Social characteristics of international students in Ontario and Quebec
Authors: Marshia Akbar and Valerie Preston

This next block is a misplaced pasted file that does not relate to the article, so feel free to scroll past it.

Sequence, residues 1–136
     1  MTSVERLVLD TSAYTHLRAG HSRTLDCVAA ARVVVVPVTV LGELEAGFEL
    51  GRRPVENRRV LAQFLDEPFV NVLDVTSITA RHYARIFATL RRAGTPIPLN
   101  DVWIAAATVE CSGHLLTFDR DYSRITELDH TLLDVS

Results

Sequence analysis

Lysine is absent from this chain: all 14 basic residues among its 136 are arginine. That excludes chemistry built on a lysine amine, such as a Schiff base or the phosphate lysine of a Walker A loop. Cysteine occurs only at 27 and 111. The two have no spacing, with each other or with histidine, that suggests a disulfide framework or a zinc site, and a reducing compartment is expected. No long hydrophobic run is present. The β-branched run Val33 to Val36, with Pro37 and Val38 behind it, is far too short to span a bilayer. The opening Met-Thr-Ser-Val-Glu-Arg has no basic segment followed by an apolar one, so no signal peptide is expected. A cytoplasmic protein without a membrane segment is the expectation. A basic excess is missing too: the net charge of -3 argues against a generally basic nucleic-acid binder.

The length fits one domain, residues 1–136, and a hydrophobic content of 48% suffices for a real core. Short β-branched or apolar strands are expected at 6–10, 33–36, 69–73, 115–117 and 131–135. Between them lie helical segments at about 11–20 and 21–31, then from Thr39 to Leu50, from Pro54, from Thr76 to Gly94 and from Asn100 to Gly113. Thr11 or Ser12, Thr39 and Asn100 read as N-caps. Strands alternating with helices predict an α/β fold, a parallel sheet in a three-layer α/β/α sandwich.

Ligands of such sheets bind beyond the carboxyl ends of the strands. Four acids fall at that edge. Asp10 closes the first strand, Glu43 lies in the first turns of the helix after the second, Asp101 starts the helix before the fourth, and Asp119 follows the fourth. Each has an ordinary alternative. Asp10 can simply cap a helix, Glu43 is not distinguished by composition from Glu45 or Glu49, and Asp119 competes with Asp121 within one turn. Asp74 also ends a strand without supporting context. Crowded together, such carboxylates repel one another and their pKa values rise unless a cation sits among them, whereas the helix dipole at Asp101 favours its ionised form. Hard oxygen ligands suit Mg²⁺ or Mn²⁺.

The number of foreign students in Canada continues to grow rapidly. Canada was the destination for 7% of the world’s international students in 2017, one of the top three countries that host the largest shares of international students in comparison to their total higher education populations. The flow of international students is uneven across Canada. In 2017, 84% of international students enrolled in three provinces: Ontario, British Columbia and Quebec (CBIE 2018). Using the Longitudinal Immigration Database (IMDB), this brief report describes the distribution of international students in Ontario and Quebec and compares their social characteristics and transitions from temporary to permanent status in the two provinces that are major destinations for international students in Canada. Canada’s constitution allows each province to organize and deliver its education programs. Although educational institutions (colleges, universities, and polytechnics) across Canada offer similar programs and credentials, often the length and composition of some programs vary. For example, students in Quebec are required to attend a college (i.e. CÉGEP)2 before enrolling in a university in the province. CÉGEPs offer two types of programs: pre-university program and technical program. For international students, the length and characteristics of post-secondary programs may have a direct impact on their eligibility for employment and immigration opportunities in Canada. Data analysis reveals that international students are more likely to attend universities in Quebec than in Ontario. Maybe a college degree in Ontario is sufficient for international students to obtain employment and transition to permanent status. Two IMDB data files are used in this analysis: Non-permanent Resident File (NRF) and Integrated Permanent and Non-permanent Resident File (PNRF). The NRF contains information about people who entered Canada as non-permanent residents between 1980 and 2015. It allows us to examine trends in province of study and level of study. The PNRF contains detailed data about the sociodemographic characteristics of immigrants who landed in Canada between 1980 and 2015 including those who were non-permanent residents prior to landing. The data provide a snapshot of international students in Ontario and Quebec who transitioned from temporary to permanent residence. Key Findings * Ontario has been the destination for almost half of international students arriving in Canada. * Most international students did not become permanent residents of Canada. Between 1980 and 2015, only a minority, 38%, obtained permanent residence. * Place matters: -International students are more likely to enroll at universities in Quebec than in Ontario. -Unlike in Ontario, men comprise the majority (58%) of international students who became permanent residents in Quebec. -There is a gender gap among international students with men more likely to enrollat universities than women and the gap is larger in Ontario than in Quebec. -Almost half of Quebec’s international students are bilingual compared to only 3.7% in Ontario. Provincial differences in the total number, level of study, gender and language fluency of international students are important for immigrant-serving organisations that strive to tailor appropriate and effective services and programs.
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